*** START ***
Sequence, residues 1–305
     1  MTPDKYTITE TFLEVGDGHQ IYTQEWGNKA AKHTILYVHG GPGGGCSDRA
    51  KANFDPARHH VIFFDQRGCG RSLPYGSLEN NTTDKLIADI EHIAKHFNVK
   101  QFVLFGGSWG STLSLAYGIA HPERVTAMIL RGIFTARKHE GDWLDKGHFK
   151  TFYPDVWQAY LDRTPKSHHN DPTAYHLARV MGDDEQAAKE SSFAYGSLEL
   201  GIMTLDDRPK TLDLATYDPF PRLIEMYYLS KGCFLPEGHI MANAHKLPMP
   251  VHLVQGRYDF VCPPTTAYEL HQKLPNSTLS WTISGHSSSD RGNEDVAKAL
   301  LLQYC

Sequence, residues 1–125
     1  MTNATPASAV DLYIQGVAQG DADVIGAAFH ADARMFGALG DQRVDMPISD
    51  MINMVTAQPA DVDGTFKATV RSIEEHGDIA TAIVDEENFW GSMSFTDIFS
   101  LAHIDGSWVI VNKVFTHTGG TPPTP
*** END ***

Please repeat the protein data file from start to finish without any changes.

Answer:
Sequence, residues 1–305
     1  MTPDKYTITE TFLEVGDGHQ IYTQEWGNKA AKHTILYVHG GPGGGCSDRA
    51  KANFDPARHH VIFFDQRGCG RSLPYGSLEN NTTDKLIADI EHIAKHFNVK
   101  QFVLFGGSWG STLSLAYGIA HPERVTAMIL RGIFTARKHE GDWLDKGHFK
   151  TFYPDVWQAY LDRTPKSHHN DPTAYHLARV MGDDEQAAKE SSFAYGSLEL
   201  GIMTLDDRPK TLDLATYDPF PRLIEMYYLS KGCFLPEGHI MANAHKLPMP
   251  VHLVQGRYDF VCPPTTAYEL HQKLPNSTLS WTISGHSSSD RGNEDVAKAL
   301  LLQYC

Sequence, residues 1–125
     1  MTNATPASAV DLYIQGVAQG DADVIGAAFH ADARMFGALG DQRVDMPISD
    51  MINMVTAQPA DVDGTFKATV RSIEEHGDIA TAIVDEENFW GSMSFTDIFS
   101  LAHIDGSWVI VNKVFTHTGG TPPTP